Adriaen de Vries was one of the leading late Renaissance masters of northern Europe. His heroic figures -- female as well as male -- reflect study of the antique and of Michelangelo's sculpture, with an emphasis on self-consciously complicated, twisting poses.

Adriaen devised this bronze allegory for the Holy Roman Emperor Rudolf II, who had appointed him court sculptor at Prague in 1601. Once thought simply to represent "Virtue Overcoming Vice," the bronze has recently been interpreted as a specific theme close to the Emperor's heart. The dominant female figure, crowned with laurel, symbolizes Empire. The second laurel wreath she holds high proclaims her victory over a figure with ass' ears and a bag of gold coins that identify her as Avarice (the ears and the gold come from the ancient myth of King Midas, known for his greed and bad judgment). Rudolf was fighting, none too successfully, in wars against the Turks, and also struggling with the lands he ruled that were reluctant to grant the funds he needed to continue. The bronze gives form to his wish for triumph over both adversaries. The sculptor gave psychological force to this symbolic program in the rippling tension of the torsos and in the gaze that passes between the coolly imperious victor and the distraught vanquished.


on base: ADRIANUS FRIES FE 1610


Peter A.B. Widener [1834-1915], Lynnewood Hall, Elkins Park, Pennsylvania; inheritance from Estate of Peter A.B. Widener by gift through power of appointment of Joseph E. Widener, Elkins Park, Pennsylvania; gift 1942 to NGA.

Exhibition History
Prag um 1600: Kunst und Kultur am Hofe Rudolps II, Kulturstiftung Ruhr, Villa Hügel, Essen-Bredeney, Federal Republic of Germany; Kunsthistorisches Museum, Vienna, Austria, 1988, no. 60, repro.
Dawn of the Golden Age: Northern Netherlandish Art 1580-1620, Rijksmuseum, Amsterdam, 1993-1994, no. 182, repro., as Allegory of the Triumph of Virtue over Vice.
Rudolf II and Prague: The Imperial Court and Residential City as the Cultural and Spiritual Heart of Central Europe, Prague Castle Picture Gallery, 1997, no. I.129.
Adriaen de Vries (1556-1626), imperial sculptor, Rijksmuseum, Amsterdam; Nationalmuseum, Stockholm; J. Paul Getty Mus., Los Angeles, 1998-2000, no. 24, repro., as Allegory of Imperium triumphant over Avaritia (shown only in Stockholm and Los Angeles)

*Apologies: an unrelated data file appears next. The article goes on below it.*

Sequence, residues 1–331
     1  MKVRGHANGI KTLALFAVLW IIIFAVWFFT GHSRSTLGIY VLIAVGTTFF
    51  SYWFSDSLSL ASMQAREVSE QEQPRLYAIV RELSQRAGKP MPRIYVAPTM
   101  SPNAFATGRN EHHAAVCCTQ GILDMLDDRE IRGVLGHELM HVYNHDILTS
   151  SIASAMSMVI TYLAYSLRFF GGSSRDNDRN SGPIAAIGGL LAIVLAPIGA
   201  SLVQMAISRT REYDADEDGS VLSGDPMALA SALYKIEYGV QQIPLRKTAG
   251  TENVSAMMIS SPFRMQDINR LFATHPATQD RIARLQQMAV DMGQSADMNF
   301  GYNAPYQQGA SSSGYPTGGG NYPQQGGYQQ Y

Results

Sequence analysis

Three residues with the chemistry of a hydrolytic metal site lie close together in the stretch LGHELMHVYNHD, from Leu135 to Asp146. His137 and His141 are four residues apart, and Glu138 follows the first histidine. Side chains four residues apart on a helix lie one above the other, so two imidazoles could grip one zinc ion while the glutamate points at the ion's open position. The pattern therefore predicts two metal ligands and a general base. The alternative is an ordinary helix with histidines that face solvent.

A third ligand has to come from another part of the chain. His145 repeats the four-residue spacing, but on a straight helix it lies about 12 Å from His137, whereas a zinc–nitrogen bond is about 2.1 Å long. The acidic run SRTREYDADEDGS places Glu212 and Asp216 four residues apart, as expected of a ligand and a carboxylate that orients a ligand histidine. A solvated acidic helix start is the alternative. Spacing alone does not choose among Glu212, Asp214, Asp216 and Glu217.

L'Europe de Rubens, Musée du Louvre-Lens, 2013, no. 140, repro.
Works of Art from the Widener Collection. Foreword by David Finley and John Walker. National Gallery of Art, Washington, 1942: 9, as Virtue and Vice.
Paintings and Sculpture from the Widener Collection. National Gallery of Art, Washington, 1948 (reprinted 1959): 157, repro., as Virtue and Vice.
Seymour, Charles. Masterpieces of Sculpture from the National Gallery of Art. Washington and New York, 1949: 182, note 48, repro. 147, 149-151, as Virtue and Vice.
Shapley, Fern Rusk. Comparisons in Art: A Companion to the National Gallery of Art, Washington, DC. London, 1957 (reprinted 1959): pl. 54
Summary Catalogue of European Paintings and Sculpture. National Gallery of Art, Washington, 1965: 173, as Virtue and Vice.
European Paintings and Sculpture, Illustrations. National Gallery of Art, Washington, 1968: 153, repro., as Virtue and Vice.
Seymour, Charles, Jr. "The Mercury in the Rotunda of the National Gallery of Art." Studies in the History of Art (1968-69):1-25, repro.
Kaufmann, Thomas Dacosta. "Empire Triumphant: Notes on an Imperial Allegory by Adriaen de Vries." Studies in the History of Art vol. 8 (1978):63-75, repro.
Walker, John. National Gallery of Art, Washington. Rev. ed. New York, 1984: 639, no. 1004, repro.
National Gallery of Art, Washington. National Gallery of Art, Washington, 1992: 296, repro.
Sculpture: An Illustrated Catalogue. National Gallery of Art, Washington, 1994: 235, repro.
National Gallery of Art Special Issue. Connaissance des Arts. Paris, 2000: repro. 58, 59, 61.